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Tort Reform Essay

5008 words - 21 pages

Running Head: UNIT THREE WRITTEN ASSIGNMENTS

Unit Three Written Assignments

Erin Schmidt

Professor Vega

St. Joseph’s College of Maine

Prepared on November 30, 2009

1. Of all the people using the health care system today, how important are social problems on the use of the health care system?

Social problems including AIDS, drug abuse, violence, and teen pregnancy are very important when considering the economy of the United States Health Care System.

Unprotected sexual contact and sharing dirty needles account for the majority of persons infected with AIDS. HIV and AIDS affect human ...view middle of the document...

Another concern is that many women who are abused have a greater tendency to be re-victimized, leading to proliferation of the cycle of violence and more emergency room visits.

“Teen pregnancy serves as a proxy variable for maternal behavior and attitudes about pregnancy” (Pamuk and Mosher, 1988, p. 52). Teenage mothers are less likely to obtain necessary prenatal care and more likely to smoke cigarettes. Both of these factors lead to increased infant mortality and low birth weight infants. Babies born below optimal birth weight typically stay in a neonatal intensive care unit that can cost over $1000 dollars per day depending on the care needed. Though NICU departments are vastly important in hospitals, certain babies can be a huge drain on the economic solvency of the hospital, and the health care system as a whole.

2. With increased life expectancies, improved medical technology, and higher overall medical care spending, how can economics contribute to the discussion concerning the treatment of critically ill elderly patients? What are the economic issues of prolonging life?

As the aging population grows, so will the demand for healthcare. However, fewer people will be in the workforce to supply medical services as the baby boomer generation reaches retirement. With individuals living longer, there will be greater need for long-term care services and means to adequately finance these services. Those individuals that cannot afford long-term care may need to rely on family members to provide care. Adult children of elderly individuals may find themselves taking time off work to deal with the demands of caring for their parent. Shellenbarger (1995) noted that the annual costs of elder care were roughly $3000 per person per year and this accounted mainly for lost productivity, work interruptions, and the cost to replace a worker. Considering this figure was well over a decade ago, one can reasonable assume that the costs have gone up considerably.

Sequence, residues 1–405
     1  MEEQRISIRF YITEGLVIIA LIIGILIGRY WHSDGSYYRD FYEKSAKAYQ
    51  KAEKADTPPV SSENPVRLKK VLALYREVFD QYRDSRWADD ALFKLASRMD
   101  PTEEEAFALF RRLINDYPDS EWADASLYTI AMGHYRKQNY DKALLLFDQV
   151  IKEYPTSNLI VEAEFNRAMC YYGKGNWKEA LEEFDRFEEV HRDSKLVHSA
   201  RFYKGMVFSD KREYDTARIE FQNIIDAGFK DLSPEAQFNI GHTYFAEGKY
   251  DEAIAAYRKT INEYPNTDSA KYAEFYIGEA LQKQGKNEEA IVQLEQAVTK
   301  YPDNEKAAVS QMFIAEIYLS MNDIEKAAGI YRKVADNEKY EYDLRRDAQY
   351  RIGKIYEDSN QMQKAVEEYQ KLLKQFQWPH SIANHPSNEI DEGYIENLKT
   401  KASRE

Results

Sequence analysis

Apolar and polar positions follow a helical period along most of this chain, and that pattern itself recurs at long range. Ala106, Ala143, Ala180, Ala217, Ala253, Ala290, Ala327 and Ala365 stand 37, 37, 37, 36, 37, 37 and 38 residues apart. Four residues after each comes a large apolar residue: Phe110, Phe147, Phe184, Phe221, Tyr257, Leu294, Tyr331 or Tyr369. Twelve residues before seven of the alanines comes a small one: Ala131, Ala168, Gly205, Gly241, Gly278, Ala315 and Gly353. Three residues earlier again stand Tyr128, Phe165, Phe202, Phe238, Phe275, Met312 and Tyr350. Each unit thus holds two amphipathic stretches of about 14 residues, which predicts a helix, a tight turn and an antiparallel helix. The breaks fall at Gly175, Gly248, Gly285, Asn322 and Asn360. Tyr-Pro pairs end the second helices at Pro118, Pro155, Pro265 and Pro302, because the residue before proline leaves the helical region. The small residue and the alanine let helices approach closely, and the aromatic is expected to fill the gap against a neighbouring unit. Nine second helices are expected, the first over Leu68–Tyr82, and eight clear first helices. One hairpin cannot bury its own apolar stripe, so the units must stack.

In addition, Medicaid spending has increased over the years to keep up with the increase in long-term care costs for the indigent population. This is also a drain on the economy and has contributed to many debates regarding health care reform needs.

As the baby boomer generation grows older, so will the population over age 85 years, known as the oldest-old. Medicines and technological advancements have contributed to the increase in life expectancy, but this age demographic will experience chronic illness that are a natural, physiologic consequence of aging.

Henderson (2002) notes that “one of every seven dollars spent on medical care every year is for treatment during the last six months of someone’s life” (p. 344). The economic issue here, and one that is at the center of political debate, is that this form of health care spending is not justified in a strict economic sense. Prolonging an inevitable death will not lead to an increase in productivity or that individual returning...

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